What's interesting to watch at this moment in time is how this Great Debate is running out of steam in the visual arts. We see fewer passions and visions in the gallery world today than we have for as long as I can remember. Instead we see more and more art that is out and out realistic, or art that is assembled from bits and pieces of the great "arguments" of recent years -- either specifically in combinations of styles and forms, or more generally in points of view. It is a fascinating development, and is producing some extremely interesting and excellent art. In one way it's a summation of Modernism in all its varieties; in another it's an opening up as an attitude toward art that, one hopes, will enable future artists to look upon Modernism as a vocabulary of diverse forms, styles, and ideas to be used selectively, rather than as a bloody arena for the determination of right and wrong.
Bill Freeland is an artist who has already taken significant steps toward the shaping of an art that is absolutely of our time, and which yet derives specifically from no one recent art-historical premise. He is a sculptor, and yet his works don't fit any conventional notions (not even Modernist ones) of what sculpture should be. They look like models for mysterious inventions whose purposes elude us -- except that to intrigue and enchant are among them.
But are these constructions of rope, wood, clay, glass, canvas, etc., art?m And if they are, why?
I very much suspect they are -- much as the works of Klee, Wols, and Tobey, or the mobiles of Calder, are art. (Or the way a hummingbird is every bit as much of a bird as an eagle.) They are perfect withing themselves, as integral to their craft as their craft is to their larger intent. And their interior logic, while mysterious, is impeccable.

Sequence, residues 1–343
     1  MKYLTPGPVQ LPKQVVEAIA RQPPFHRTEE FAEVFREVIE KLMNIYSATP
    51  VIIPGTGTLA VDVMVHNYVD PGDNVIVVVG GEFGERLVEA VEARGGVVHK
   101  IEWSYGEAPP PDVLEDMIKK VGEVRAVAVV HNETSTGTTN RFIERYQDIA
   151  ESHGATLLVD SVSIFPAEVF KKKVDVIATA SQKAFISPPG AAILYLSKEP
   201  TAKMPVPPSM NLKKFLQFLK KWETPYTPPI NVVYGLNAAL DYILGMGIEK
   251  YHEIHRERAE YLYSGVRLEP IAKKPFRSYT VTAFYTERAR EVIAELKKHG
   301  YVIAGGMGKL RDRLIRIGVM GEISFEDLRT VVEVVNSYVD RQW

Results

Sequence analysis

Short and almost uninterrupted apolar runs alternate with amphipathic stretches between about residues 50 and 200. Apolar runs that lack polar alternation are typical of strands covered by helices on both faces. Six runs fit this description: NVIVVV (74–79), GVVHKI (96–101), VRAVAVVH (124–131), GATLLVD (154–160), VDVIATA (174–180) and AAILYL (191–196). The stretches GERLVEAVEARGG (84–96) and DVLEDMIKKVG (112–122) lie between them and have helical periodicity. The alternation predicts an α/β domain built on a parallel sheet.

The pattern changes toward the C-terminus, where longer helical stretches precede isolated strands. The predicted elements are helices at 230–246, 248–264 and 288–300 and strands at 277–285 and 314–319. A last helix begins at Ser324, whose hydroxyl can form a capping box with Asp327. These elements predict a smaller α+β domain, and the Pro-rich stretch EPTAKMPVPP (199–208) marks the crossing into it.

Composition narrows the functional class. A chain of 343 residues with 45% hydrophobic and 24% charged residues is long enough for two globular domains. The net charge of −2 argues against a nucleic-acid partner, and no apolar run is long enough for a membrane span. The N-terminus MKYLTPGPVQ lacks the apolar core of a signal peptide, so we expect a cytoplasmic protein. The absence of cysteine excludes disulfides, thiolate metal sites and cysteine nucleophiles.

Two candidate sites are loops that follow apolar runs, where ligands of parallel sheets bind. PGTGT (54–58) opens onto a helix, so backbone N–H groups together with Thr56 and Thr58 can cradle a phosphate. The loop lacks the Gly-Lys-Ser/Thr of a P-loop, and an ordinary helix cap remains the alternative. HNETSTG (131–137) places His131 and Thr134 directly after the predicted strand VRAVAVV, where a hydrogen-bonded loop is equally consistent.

But most of all, they are re-creative and regenerative. While walking among Freeland's works, I experienced a deepening sense of harmony and focus withing myself, a very pronounced feeling of being recharged and redirected. I like them for many reasons, but mainly because I felt they were concerned with the detection and relocation of a kind of order that had somehow gotten misplaced in the confusions of today.
But I won't really know if they are art until I have seen them (or works like them) a few more times. I have just paged through the small exhibition catalog of Freeland's latest show, and the works reproduced in it have retained all the sense of art I first saw in the originals a few months. Even so I'm withholding judgment. I'm in no hurry, for the dialogue I have entered into with these fascinating constructions is a continuing one, and is every bit as interesting and rewarding as one I might have with a friend or anyone else I respect.